How Bad Bosses Harm Themselves
A new study examines the effects of workplace abuse on the perpetrators themselves.
Villanova School of Business Associate Professor Manuela Priesemuth, PhD, took a commonly researched topic—how abusive managers negatively affect their employees—and flipped it on its head.
In newly published research in The Journal of Applied Psychology, Dr. Priesemuth and her co-author explored the novel question: What are the implications of this bad behavior for the bosses themselves?
It turns out workplace bullying comes at a significant social cost to abusive bosses, Dr. Priesemuth found.
Most notably, they feel less valued and appreciated at work, which in turn negatively impacts their job performance, career trajectory and their department as a whole.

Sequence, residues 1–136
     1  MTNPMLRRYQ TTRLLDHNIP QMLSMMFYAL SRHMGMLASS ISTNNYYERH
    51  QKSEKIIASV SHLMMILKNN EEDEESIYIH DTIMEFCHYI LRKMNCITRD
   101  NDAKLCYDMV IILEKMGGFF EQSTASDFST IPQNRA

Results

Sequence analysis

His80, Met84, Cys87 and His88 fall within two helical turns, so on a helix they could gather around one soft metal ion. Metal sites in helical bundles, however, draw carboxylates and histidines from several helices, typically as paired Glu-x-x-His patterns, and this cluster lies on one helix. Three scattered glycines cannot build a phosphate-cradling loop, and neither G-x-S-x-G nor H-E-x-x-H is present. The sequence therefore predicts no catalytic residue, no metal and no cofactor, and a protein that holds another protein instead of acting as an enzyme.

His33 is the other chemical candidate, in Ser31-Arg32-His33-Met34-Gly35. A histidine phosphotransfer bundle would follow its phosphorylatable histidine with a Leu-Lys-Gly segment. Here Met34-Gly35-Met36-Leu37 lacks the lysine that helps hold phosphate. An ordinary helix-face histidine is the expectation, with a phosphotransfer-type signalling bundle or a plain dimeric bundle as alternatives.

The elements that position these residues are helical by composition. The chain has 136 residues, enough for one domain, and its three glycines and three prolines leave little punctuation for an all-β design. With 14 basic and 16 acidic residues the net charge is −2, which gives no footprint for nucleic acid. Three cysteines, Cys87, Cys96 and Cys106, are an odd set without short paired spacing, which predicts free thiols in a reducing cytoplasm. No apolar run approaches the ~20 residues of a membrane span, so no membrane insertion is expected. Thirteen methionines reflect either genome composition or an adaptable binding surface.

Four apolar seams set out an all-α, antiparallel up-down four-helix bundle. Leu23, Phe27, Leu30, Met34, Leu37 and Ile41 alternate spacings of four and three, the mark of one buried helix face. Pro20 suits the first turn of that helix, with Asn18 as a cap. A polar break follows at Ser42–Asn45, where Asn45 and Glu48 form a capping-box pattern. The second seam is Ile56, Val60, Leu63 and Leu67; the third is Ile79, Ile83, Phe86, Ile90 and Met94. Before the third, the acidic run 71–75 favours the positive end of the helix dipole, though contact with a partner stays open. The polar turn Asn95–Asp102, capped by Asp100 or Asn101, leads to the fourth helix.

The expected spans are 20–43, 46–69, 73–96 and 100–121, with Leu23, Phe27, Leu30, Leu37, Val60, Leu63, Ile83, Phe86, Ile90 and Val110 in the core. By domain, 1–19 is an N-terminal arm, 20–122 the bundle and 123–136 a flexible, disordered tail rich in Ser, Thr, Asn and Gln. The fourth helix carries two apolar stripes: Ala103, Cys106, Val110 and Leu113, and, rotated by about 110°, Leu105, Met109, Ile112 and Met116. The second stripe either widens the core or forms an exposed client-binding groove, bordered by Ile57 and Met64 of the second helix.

The good news is the research also showed that the majority of supervisors felt and understood the social repercussions of their actions and were willing to change.
Dr. Priesemuth also penned articles for Psychology Today and the Harvard Business Review, digging deeper into the findings and how they relate to some of her previous work on destructive leadership, workplace aggression and organizational fairness.